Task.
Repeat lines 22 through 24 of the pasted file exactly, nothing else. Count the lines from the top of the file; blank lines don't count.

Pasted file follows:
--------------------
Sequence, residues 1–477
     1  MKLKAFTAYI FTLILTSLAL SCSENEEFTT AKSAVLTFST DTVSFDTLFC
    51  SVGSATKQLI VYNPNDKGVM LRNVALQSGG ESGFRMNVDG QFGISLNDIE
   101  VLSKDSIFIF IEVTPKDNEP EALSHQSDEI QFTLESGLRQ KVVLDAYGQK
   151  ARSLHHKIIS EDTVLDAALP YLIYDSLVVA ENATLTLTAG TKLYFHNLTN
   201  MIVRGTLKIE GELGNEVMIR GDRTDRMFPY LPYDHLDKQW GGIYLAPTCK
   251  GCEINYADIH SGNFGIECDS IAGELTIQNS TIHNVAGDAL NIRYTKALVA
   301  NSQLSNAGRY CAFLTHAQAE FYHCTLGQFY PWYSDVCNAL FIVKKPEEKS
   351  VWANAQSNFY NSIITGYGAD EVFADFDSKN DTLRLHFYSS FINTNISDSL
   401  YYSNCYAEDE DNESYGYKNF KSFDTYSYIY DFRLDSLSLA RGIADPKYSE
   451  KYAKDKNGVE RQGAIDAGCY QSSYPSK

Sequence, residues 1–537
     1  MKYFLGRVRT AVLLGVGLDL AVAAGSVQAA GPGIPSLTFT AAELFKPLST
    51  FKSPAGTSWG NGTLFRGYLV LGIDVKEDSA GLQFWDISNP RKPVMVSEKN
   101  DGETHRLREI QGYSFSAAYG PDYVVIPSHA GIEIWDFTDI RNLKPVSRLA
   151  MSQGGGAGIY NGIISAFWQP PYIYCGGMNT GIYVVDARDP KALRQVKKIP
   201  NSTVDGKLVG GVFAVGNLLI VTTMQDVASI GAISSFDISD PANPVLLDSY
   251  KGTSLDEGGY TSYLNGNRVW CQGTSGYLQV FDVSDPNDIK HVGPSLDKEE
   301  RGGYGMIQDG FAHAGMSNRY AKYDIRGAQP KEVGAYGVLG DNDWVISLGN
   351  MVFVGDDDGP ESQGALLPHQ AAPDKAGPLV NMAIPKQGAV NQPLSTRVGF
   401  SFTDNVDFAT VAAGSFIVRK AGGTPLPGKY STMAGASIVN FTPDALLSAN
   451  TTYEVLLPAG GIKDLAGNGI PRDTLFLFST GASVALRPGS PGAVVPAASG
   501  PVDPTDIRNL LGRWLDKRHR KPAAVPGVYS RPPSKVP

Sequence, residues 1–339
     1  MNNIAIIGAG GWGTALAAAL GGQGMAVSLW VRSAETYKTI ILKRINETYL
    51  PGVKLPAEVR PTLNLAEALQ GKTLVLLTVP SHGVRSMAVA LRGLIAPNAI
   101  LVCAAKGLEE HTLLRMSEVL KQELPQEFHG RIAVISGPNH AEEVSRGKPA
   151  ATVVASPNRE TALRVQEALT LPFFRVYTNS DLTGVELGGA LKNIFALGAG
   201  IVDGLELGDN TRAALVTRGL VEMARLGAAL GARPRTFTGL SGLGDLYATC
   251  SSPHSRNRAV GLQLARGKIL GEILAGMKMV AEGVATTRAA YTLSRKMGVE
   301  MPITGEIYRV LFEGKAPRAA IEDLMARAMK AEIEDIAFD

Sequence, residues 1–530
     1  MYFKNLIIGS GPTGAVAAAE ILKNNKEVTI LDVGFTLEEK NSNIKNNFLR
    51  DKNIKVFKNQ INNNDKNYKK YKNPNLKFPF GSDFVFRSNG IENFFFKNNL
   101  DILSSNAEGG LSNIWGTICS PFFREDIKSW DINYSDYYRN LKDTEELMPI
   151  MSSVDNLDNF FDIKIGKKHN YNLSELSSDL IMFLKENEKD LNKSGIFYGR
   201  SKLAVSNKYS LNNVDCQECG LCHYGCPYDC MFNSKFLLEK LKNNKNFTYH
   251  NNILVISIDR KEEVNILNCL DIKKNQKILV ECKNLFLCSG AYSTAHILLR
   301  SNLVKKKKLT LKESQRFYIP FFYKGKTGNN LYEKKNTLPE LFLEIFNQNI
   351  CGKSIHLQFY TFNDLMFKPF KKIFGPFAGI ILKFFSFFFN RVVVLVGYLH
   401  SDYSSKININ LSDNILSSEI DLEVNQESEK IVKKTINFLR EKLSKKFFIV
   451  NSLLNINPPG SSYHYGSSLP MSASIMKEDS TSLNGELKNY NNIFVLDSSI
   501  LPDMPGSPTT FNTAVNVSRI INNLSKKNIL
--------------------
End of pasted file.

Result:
   451  TTYEVLLPAG GIKDLAGNGI PRDTLFLFST GASVALRPGS PGAVVPAASG
   501  PVDPTDIRNL LGRWLDKRHR KPAAVPGVYS RPPSKVP

Sequence, residues 1–339